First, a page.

Training Haar Cascades

For better or worse, most cell phones and digital cameras today can detect human faces, and, as seen in our previous post, it doesn’t take too much effort to get simple face detection code running on an Android phone (or any other platform), using OpenCV.

This is all thanks to the Viola-Jones algorithm for face detection, using Haar-based cascade classifiers. There is lots of information about this online, but a very nice explanation can be found on the OpenCV website.

(image by Greg Borenstein, shared under a CC BY-NC-SA 2.0 license)

It’s basically a machine learning algorithm that uses a bunch of images of faces and non-faces to train a classifier that can later be used to detect faces in realtime.

The algorithm implemented in OpenCV can also be used to detect other things, as long as you have the right classifiers. My OpenCV distribution came with classifiers for eyes, upper body, hands, frontal face and profile face. While looking for information about how to train them, I found classifiers for bananas, pens and iPhones.

Actually, that last link is for more than just iPhones. In his Mirror Test project, Jeff Thompson is actually training computers to recognize themselves in a “non-utilitarian, flawed poetic/technological act”.

Similar to what we want, but since we have a very specific phone to detect, we decided to train our own classifier.

The OpenCV tutorial for Training Cascade Classifiers is a pretty good place to start. It explains the 2 binary utilities used in the process (opencv_createsamples and opencv_traincascade), and all of their command line arguments and options, but it doesn’t really give an example of a flow to follow, nor does it explain all the possible uses for the opencv_createsamples utility.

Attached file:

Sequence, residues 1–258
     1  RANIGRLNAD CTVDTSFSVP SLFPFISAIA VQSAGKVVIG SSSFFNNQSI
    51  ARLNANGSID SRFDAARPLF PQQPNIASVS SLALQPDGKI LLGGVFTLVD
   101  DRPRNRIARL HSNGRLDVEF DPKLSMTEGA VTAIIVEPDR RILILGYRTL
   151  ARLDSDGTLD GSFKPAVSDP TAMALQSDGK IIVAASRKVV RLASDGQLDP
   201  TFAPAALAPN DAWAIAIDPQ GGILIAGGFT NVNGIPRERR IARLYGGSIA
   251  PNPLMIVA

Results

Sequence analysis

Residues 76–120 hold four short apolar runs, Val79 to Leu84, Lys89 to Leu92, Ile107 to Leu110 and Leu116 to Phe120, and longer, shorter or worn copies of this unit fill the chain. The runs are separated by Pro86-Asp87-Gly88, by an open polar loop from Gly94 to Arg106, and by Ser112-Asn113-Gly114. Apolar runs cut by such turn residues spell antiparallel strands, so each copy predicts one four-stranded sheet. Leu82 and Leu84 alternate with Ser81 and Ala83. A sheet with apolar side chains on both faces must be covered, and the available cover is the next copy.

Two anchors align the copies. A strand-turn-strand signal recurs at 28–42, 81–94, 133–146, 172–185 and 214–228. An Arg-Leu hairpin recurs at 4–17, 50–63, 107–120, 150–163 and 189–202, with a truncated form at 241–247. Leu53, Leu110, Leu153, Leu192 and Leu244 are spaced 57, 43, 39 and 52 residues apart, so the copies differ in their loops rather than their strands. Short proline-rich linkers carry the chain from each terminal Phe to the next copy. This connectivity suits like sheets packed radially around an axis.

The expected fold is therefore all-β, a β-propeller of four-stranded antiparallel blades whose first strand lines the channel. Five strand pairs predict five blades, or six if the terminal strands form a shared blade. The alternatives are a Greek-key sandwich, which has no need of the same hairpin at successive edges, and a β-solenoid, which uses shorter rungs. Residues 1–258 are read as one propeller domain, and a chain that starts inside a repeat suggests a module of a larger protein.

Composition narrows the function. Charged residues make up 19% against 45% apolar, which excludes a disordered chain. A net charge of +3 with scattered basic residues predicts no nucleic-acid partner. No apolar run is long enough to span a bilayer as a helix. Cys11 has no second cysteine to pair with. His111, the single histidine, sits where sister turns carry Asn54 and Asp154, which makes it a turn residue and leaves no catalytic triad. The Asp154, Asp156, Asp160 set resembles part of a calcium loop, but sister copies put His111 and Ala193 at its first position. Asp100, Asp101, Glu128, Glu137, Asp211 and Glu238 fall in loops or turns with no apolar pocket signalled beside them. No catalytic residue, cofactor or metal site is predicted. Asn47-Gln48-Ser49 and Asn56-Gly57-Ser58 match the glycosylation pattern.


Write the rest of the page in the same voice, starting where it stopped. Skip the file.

On the other hand, Naotoshi Seo’s tutorial is actually quite thorough and explains the 4 different uses for the opencv_createsamples utility. Thorsten Ball wrote a tutorial using Naotoshi Seo’s scripts to train a classifier to detect bananas, but it requires running some perl scripts and compiling some C++… too much work…

Jeff also has some nice notes about how he prepared his data, and a script for automatically iterating over a couple of options for the 2 utilities.

The way we did it was inspired by all of these tutorials, with some minor modifications and optimizations.

1. Negatives

This is where we gather about 1000 images of non-phones. Some people use video for this… we followed Jeff and took them from this repository, with this command:

cd negativeImageDirectory wget -nd -r -A "neg-0*.jpg" \

Creating a collection file for these is pretty easy using the following command:

cd negativeImageDirectory ls -l1 *.jpg > negatives.txt

2. Positives

This is where we gather about 1000 images of our phone. Some people use video, some people use scripts… we used scripts.

2a. Pictures

This is where we take pictures of our phone. We don’t need 1000 of them. Somewhere between 15 and 20 should be enough. This is what our images looked like:

Since our object is pretty black, we used a white background, and took high-contrast pictures in order to make the next step easier. Also, the pictures don’t have to be large because OpenCV will shrink them anyway: ours were 1024x773.

2b. Process

This is where we use a Processing script to read the images and mark where the object is. Since we used high-contrast and a white background, it’s pretty easy to get an initial guess by just keeping track of the min/max x- and y- positions of dark pixels. What is important here is to make sure that the aspect ratio of all of the marked objects is the same. In our case, this was 1:1, and the script makes sure all the marked images follow that:

In addition to cropping the image, the Processing script also spits out a text file that has information about where the object is on the original image. This is what Naotoshi calls a description file format.

2c. Make 100s